The Farm Bill is the nation’s agricultural, nutrition and food policy vehicle. It provides funding for SNAP, the Supplemental Nutrition Assistance Program - also known as food stamps. Vermont U.S. Senator Patrick Leahy on Monday was at a community action agency to discuss his efforts to fight proposed cuts to SNAP and talk about legislation to expand incentives for businesses to donate to food banks.
The five year Farm Bill expired in September 2012 and Congress took short-term action to extend many of its existing programs while a new bill is negotiated. The measure is in conference committee, and a major sticking point is SNAP funding levels. The Senate version cuts $4 billion, while the House version slashes $40 billion from the program.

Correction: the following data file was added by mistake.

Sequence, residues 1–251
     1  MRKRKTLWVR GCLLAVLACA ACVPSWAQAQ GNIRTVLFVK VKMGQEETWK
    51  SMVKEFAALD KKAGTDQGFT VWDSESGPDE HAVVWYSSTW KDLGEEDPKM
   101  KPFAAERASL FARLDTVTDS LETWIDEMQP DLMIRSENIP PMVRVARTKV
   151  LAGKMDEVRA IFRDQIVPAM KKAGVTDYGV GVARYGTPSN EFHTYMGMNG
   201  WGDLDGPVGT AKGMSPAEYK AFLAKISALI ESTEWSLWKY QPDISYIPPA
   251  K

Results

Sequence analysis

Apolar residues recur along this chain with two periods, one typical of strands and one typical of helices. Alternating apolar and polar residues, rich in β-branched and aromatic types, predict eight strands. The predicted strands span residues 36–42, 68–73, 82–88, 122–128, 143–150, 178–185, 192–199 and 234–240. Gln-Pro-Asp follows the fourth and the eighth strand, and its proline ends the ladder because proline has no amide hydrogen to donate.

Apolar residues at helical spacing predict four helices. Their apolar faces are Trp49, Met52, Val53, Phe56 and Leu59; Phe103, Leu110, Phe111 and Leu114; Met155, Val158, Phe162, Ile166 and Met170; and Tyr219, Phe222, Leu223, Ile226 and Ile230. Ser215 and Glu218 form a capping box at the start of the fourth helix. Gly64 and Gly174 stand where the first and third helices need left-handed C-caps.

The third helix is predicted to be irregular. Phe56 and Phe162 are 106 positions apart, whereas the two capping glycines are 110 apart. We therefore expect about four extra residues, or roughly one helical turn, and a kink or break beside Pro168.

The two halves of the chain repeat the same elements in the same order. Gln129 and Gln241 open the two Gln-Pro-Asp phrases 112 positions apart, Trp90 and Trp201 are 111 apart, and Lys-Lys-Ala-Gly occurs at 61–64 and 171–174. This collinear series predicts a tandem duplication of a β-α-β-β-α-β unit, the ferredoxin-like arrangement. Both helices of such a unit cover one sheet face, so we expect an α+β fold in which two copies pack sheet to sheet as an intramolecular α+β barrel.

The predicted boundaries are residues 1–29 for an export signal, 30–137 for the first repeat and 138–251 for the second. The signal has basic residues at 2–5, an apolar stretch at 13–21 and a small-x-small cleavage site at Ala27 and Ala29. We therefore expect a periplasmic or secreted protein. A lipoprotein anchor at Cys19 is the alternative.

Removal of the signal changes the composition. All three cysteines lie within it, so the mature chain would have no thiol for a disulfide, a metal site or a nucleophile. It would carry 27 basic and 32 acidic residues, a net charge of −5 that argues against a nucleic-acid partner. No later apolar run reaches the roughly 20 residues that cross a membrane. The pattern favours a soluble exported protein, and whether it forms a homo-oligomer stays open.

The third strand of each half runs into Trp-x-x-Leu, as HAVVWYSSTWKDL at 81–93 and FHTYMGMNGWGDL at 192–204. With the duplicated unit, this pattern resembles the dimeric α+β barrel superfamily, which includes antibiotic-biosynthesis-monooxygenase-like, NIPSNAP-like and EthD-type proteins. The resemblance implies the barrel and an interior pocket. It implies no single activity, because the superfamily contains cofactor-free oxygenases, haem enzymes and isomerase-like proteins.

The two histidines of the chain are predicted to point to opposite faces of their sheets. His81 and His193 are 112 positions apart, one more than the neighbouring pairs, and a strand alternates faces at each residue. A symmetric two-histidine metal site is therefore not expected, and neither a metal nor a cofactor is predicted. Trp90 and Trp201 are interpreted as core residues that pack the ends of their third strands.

On Monday, Democratic conference committee member Vermont U.S. Senator Patrick Leahy visited the Central Vermont Community Action Council in Barre. Leahy called SNAP one of the most effective and efficient food programs ever created. He lashed out at those who want to make severe cuts to the program.
Senator Leahy added his indignation over opponents’ spending priorities.
Vermont Governor Democrat Peter Shumlin emphasized that no state has the ability to replace the volume of cuts proposed by House Republicans.
Low-income advocates say hunger is a bellwether for what is happening in society. Central VT Community Action Council Executive Director Hal Cohen noted that safety net services are severely strained.
Vermont Food Bank Director John Sayles explained that they get about 40 percent of their food through two federal programs that are distributed across the state.
Senator Leahy is also introducing an expansion of the Good Samaritan Hunger Relief Tax Incentive Act. It would permanently allow tax deductions to all businesses that donate to food banks, including small businesses and farmers.